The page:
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China Datang Technologies & Engineering Co. Ltd., Delhi v/s NLC India Limited, Chennai & Another

    O.A. No. 493 of 2020
    Decided On, 12 October 2020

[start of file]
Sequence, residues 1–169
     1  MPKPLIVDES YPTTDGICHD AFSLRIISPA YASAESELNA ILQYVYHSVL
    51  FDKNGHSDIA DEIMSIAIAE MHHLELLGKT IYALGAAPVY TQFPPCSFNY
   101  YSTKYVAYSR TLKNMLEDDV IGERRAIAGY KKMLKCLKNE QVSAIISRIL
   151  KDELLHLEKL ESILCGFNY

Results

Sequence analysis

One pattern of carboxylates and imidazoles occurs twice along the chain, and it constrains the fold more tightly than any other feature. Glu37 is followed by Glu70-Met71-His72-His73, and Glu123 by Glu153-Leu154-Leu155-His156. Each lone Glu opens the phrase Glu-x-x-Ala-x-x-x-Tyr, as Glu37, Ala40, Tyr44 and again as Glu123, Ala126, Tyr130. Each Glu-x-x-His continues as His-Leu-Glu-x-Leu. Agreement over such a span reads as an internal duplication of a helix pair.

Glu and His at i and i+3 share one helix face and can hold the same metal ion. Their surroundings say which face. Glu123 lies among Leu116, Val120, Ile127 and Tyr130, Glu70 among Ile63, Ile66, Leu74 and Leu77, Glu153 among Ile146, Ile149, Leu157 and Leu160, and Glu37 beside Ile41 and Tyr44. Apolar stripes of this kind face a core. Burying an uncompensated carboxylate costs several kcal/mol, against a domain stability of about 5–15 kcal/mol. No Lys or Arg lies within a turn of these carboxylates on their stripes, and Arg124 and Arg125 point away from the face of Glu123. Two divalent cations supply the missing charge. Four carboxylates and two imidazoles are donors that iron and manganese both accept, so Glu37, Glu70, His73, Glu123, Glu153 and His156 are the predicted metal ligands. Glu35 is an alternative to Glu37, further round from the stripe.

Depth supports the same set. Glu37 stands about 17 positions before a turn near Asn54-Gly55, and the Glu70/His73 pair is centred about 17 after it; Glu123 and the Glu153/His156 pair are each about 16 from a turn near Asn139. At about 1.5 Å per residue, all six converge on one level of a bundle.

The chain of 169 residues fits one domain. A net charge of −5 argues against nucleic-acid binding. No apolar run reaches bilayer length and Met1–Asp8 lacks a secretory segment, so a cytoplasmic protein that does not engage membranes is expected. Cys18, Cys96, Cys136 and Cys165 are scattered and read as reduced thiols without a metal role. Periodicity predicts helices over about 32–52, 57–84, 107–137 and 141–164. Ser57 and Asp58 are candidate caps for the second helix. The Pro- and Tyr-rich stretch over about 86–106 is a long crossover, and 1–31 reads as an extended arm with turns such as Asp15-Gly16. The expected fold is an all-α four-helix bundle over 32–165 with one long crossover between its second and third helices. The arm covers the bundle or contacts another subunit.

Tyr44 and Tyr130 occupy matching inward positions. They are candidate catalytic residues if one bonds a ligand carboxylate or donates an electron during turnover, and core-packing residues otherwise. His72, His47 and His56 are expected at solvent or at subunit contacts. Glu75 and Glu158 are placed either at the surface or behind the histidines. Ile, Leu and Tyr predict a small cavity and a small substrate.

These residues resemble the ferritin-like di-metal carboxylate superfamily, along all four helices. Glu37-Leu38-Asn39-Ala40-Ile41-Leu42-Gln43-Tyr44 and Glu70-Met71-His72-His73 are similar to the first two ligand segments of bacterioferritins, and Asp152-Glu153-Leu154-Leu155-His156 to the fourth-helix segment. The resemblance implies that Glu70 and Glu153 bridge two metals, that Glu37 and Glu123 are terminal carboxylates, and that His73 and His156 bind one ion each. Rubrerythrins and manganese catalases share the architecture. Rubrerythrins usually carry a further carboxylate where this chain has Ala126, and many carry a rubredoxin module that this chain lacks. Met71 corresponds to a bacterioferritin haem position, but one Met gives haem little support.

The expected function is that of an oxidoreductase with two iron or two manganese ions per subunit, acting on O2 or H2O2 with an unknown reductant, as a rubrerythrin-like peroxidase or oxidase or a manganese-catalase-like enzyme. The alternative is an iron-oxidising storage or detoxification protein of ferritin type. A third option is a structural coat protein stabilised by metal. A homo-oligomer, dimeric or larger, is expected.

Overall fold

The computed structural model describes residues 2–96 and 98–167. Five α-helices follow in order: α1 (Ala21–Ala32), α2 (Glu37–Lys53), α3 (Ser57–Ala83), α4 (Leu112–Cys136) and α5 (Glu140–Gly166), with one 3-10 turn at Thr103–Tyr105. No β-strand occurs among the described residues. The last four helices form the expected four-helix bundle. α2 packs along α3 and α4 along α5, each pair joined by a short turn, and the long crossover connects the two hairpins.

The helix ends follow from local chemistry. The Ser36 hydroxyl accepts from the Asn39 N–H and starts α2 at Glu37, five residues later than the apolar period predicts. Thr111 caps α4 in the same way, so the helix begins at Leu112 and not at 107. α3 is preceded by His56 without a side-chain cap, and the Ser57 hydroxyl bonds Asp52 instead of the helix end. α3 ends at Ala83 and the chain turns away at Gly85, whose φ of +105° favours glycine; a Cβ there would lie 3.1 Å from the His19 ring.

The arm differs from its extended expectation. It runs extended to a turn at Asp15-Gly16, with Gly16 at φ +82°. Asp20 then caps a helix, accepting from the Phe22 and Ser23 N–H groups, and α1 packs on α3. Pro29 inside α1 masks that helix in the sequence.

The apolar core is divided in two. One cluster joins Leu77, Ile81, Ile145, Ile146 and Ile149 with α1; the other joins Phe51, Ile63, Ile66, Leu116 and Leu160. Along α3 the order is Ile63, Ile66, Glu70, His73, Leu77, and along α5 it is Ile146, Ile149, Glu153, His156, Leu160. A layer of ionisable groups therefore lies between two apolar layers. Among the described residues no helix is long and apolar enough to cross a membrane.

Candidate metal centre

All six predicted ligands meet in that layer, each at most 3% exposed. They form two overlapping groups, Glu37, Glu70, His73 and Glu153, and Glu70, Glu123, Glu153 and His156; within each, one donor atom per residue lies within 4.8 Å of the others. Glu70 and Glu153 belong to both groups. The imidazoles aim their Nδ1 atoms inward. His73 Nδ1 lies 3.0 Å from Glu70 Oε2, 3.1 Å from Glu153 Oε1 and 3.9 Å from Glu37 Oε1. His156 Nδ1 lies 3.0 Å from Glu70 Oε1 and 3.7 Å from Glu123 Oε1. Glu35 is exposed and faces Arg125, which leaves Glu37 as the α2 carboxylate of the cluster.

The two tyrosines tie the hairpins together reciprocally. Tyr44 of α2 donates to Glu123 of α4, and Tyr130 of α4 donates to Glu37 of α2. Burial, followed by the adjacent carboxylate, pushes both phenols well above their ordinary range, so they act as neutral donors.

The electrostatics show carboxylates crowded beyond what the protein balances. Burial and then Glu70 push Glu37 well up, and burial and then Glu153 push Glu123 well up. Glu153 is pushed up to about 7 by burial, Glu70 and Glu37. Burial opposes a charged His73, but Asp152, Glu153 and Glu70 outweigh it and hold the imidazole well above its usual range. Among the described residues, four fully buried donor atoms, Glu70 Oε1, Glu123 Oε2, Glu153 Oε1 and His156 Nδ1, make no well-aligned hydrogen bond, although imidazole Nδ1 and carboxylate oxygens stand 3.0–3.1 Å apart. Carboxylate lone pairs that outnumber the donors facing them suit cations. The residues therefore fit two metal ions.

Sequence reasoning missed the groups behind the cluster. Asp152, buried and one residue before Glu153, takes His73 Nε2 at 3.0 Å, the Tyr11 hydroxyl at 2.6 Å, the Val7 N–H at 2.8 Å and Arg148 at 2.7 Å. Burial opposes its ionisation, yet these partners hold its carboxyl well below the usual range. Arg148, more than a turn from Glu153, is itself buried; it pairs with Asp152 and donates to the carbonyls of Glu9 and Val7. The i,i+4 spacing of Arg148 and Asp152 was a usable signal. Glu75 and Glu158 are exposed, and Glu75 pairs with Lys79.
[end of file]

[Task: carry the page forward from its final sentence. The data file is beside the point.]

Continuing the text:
At, High Court of Judicature at Madras
    By, THE HONOURABLE MR. JUSTICE M. SUNDAR
    For the Applicant: M.S. Krishnan, Senior Counsel Instructed by Anirudh Krishnan, Adarsh Subramanian & K. Shiva, Advocates. For the Respondents: R1, N. Nithianandam, Advocate.


Judgment Text